Cultural Wednesdays- Week 5

Today’s Cultural Wednesday is unfortunately going to be a bit of a cheat, because I actually went to the site in question last Sunday, since it’s only open four days a week. I decided to “save it up” until today because I thought it was interesting, and I wanted to write about it. So I guess it’s a Cultural Sunday Disguised as a Cultural Wednesday, but that’s getting a bit too complicated, even for me…

Anyway.

Sometime this week (let’s not be too particular about the precise day 😉 ), I decided to go to the Metro Museum (or Andén 0) at Chamberí.

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I had walked past the entrance many times, as it is right near my house, but whilst the Metro Line 1 was being repaired, the Museum was also closed. So, when Line 1 reopened, I decided that now was the time to check it out.

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Line 1 was the first to be built in Madrid, and Chamberí was one of the original stations, so it’s historically very important. It was closed permanently because the platforms are curved, and the newer trains aren’t able to safely stop there.

The station had a similar feel to Museum in Sydney, and it was like entering a time warp. The ticket barriers and entrance are in their unique states, and I had to go through an old metal gate to get in.

Spanish rules and regulations are pretty relaxed, and visitors are allowed to go down to the platform, and watch from behind a glass barrier as the current Metro trains zip past a metre or so away. It was really exciting to hear the trains coming along the tracks, and then to see them whizz by, so close that you could see the expressions on the passengers’ faces.

They also had a lot of old advertisements on the walls, many in Art Deco style, which were pretty cool.

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And there were plenty of maps and information from the period. I particularly enjoyed reading about the price of tickets, which were extraordinarily cheap (or at least in today’s terms).

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OK, so the Museum is unlikely to make it onto a list of Must Visit Places in Madrid. But I thought it was worth a visit 🙂 And if anyone is looking to make a historical movie, and needs to include an authentic train station, I know just the place!

My first day of school

Today, I started back at school, something I never thought I would be doing at the ripe old age of 35…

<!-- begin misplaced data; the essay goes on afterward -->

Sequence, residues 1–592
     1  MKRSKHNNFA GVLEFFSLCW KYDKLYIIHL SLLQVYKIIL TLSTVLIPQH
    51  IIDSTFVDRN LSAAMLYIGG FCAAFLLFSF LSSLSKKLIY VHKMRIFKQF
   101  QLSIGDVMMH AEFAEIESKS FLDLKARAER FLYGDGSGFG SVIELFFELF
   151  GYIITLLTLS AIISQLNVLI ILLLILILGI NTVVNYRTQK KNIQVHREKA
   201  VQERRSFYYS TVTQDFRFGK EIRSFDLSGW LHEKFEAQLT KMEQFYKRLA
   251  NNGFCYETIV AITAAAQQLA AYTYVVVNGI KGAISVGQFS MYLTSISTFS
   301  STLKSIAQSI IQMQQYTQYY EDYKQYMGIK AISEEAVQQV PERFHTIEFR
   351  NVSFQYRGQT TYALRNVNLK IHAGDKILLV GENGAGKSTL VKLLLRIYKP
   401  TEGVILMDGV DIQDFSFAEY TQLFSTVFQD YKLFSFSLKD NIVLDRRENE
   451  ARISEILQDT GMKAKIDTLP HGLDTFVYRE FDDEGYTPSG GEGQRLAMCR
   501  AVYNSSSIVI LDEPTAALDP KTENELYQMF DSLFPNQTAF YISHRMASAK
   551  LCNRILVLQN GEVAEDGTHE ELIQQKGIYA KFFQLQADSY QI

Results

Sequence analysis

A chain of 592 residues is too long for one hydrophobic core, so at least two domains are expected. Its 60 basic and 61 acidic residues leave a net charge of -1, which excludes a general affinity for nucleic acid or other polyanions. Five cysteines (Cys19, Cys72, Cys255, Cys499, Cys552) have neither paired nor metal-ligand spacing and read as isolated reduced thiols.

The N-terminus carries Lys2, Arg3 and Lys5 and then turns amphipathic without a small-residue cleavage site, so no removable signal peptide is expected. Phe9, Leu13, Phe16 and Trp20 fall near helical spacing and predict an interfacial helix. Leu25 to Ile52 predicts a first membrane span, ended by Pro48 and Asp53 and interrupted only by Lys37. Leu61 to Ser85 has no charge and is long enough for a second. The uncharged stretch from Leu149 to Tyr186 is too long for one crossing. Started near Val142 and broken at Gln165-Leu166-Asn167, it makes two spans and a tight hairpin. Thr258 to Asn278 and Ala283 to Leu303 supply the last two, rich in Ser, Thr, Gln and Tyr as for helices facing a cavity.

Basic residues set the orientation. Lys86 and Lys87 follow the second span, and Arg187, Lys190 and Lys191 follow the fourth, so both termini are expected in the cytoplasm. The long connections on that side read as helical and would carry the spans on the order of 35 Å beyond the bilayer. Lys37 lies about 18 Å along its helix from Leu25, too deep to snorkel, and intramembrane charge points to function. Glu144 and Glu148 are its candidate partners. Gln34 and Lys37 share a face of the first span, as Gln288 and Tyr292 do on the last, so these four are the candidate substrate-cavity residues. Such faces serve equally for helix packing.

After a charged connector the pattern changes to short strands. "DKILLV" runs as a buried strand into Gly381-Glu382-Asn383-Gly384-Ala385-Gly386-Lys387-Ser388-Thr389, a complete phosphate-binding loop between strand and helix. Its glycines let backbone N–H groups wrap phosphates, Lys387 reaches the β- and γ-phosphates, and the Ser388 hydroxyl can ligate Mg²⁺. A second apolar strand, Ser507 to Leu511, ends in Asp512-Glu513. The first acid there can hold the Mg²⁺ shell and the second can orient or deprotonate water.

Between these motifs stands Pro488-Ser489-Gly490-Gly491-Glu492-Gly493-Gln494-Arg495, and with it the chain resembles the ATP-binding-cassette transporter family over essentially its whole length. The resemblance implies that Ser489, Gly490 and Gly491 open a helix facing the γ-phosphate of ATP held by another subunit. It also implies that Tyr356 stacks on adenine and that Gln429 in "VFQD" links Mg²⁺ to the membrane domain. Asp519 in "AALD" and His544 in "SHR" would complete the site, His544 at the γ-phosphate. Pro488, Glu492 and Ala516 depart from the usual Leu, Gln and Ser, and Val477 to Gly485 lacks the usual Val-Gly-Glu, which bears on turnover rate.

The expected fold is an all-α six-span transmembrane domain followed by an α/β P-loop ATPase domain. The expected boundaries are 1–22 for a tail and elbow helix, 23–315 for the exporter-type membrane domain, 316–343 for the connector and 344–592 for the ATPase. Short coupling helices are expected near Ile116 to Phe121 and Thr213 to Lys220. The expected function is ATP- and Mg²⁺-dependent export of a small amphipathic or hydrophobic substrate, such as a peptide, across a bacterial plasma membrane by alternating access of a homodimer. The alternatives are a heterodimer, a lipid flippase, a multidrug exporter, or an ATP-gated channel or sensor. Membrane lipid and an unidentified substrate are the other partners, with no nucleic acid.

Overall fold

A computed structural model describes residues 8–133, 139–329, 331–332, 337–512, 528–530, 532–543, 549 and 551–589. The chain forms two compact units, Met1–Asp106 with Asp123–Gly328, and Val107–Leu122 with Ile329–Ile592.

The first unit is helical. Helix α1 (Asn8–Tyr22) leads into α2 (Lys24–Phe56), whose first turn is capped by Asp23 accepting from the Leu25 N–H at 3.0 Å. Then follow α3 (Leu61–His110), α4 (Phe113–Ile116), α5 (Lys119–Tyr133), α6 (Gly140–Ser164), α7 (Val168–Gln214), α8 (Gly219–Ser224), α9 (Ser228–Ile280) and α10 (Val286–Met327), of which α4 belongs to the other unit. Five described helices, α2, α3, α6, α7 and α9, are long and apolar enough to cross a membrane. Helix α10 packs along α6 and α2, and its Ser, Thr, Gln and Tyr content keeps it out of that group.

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The day started poorly, when I realised I had left my passport at home, and had to return to my apartment. But it wasn’t all bad! When I went to change train lines, there was a busker playing “Beds are burning”! It was positively bizarre to hear a Spanish guy perfectly imitating Peter Garrett’s distinctive warble (albeit without dance moves, unfortunately).

My school is a public infants/primary school in a suburb called Valdebernardo, about 40 minutes from my place. It’s a bilingual school, so 40% of the lessons are in English, with the remainder in Spanish. Here’s the website.

This year, there are 5 English language assistants at the school. Three of them were there last year as well, which I guess is a positive thing. If the school was REALLY bad, they wouldn’t want to go back, would they? I am by far the oldest, by about 10 years, and I’ve got to admit, our priorities seem to be VERY different. The other assistants’ conversation seemed to focus almost entirely on money (in particular, the things they do in order to save 1€, such as hitching to Portugal instead of taking the bus); gossiping about who the worst teachers are (the ones whose classes I am in, needless to say); and complaining non-stop about their schedules (which, to be honest, weren’t that bad- we are all only working 3.5 days a week, with Monday or Friday free).

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I’m not going to deny it, I found these conversations depressing. Sure, it’s important to save money, I can accept that. And yes, I am probably in a very different financial position to some of the 22 year old conversation assistants. But, pathetic as it may sound, I actually WANT to teach at the school, rather than using it purely as a means to a Spanish visa, and to be made to feel that there was something “wrong” with me because of this was a bit disheartening 😦

Hopefully, things will improve when the teaching starts 🙂

24 hours of flying…

Me before the flight. You don’t want to see me after. Think hair akimbo, bags under eyes, and attire in complete disarray.

I have just arrived in Spain after a seeming eternity on the plane. An eternity punctuated by:

  1. One bad film (“Mia madre”), one so-so film (“Love and friendship”), one excellent film (“El clan”), and one unfinished film (“The dressmaker”- and it stopped just as the romance was starting!)
  2. The achievement of a very complex ninja move whereby, in my desperation to use the toilet and not wake the people beside me, I used the armrests to climb over their reposing forms
  3. Too much unappetising food. But that’s a given. I always find it amusing when people complain about airline food. Umm, hello! It’s not a Michelin star dining experience…
  4. Some pretty amazing views. I took these photos as we left Dubai:


I am now sitting in (I hate to admit it) Starbucks, making use of their powerpoint, after a rather eventful Metro trip, punctuated by some buskers who put on a show in the carriage:

This was the first, and I’m guessing not the last, time that I used my “Sorry, my Spanish is very bad” excuse to avoid “getting caught up in the action”, so to speak.